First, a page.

The health system is treating 61 COVID-19 patients at its facilities across Northeast Georgia, and that number has stayed steady in recent days, said Dr. Supriya Mannepalli, director of the infectious disease unit at NGHS. She also said 687 patients who had been treated have been released from the hospital after recovering.
But Mannepalli cautioned that Hall County has 1,152 cases per 100,000 residents and the county has the fifth highest number of cases in Georgia.
“This is also time not to loosen our guard because if the numbers are declining, they are declining for reason,” she said. “They are declining because we as a community responded the way we should.”
“I don’t think that it’s going to go away,” Michael Covert, the system’s chief operating officer, said. “I think we’re going to see that during the summer with the potential that there may be a surge in the fall, and we want to be prepared in that regard.”
Savannah is issuing citations for establishments not enforcing social distancing, according to the Savannah Morning News.
Mayor Van Johnson said he went along with the Savannah Police Department’s alcohol beverage compliance team over the weekend to see how the state required social distancing guidelines were working.
Several businesses were given warnings and two were given citations, Johnson said.
Johnson said he was both disappointed and impressed at what he witnessed while with the ABC team.
“It was like St. Patrick’s Day,” Johnson said of the crowds. “Some streets were impassable because of the people in them, some sidewalks were impassable.”
Johnson said he was impressed with the professionalism of the ABC team. “Even when they (the team) were not treated with the same dignity and respect,” Johnson said. “It was a mess out there.”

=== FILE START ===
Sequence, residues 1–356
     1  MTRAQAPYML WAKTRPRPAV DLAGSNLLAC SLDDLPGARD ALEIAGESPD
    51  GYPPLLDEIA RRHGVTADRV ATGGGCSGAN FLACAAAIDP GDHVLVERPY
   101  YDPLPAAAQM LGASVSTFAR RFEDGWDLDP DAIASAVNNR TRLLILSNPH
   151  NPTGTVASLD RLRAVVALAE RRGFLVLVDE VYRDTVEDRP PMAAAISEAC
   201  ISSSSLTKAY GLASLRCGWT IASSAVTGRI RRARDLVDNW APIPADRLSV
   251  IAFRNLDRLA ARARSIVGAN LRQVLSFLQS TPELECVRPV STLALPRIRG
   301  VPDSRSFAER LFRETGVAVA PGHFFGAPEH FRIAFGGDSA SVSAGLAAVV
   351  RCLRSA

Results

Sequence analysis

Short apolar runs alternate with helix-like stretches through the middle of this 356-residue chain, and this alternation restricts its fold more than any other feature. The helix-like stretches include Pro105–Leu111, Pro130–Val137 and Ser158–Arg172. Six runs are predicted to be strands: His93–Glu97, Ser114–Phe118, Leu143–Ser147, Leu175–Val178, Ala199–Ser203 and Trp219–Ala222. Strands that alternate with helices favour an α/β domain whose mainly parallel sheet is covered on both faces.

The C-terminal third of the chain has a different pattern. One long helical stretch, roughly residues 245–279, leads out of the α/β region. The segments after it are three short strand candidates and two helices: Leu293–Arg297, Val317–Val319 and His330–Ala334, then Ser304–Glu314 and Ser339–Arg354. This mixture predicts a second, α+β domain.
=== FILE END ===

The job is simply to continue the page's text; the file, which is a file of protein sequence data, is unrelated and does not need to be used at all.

The mayor said he would guess 95% of people — including some employees of businesses visited — weren’t wearing face coverings.
The Macon Telegraph looks at early voting for the June 9 elections.
More than 1,800 people have cast their ballot in Macon-Bibb County during advanced early voting, and two weeks remain for those who would like to vote early in the June 9 election.
Advanced early voting started May 18 with 331 ballots cast that day at the Macon-Bibb Board of Elections office at 2525 Pio Nono Ave., and early voting will continue through June 5, according to a Board of Elections news release.
The polls are open from 8:30 a.m.-5:30 p.m. Monday-Friday. Every county in Georgia is required to hold one day of early voting on a Saturday, and Macon-Bibb County’s Saturday voting will be held from 9 a.m.-4 p.m. on May 30.
Alternative sentencing arrangements could be limited by state budget cuts, according to the Capitol Beat News Service via the Augusta Chronicle.
Roughly $4.3 million would be cut from the state Criminal Justice Coordinating Council’s budget for local grants to accountability courts, a popular program created by then-Gov. Nathan Deal in 2013 offering alternative sentences to curb recidivism for thousands of Georgia inmates with mental illness or substance-abuse issues.
If implemented, the cuts would likely cause around 1,900 current participants in accountability courts across the state to return to local jails or prisons to complete their sentences, said Hall County Superior Court Chief Judge Kathlene Gosselin, who chairs the state Council of Accountability Court Judges.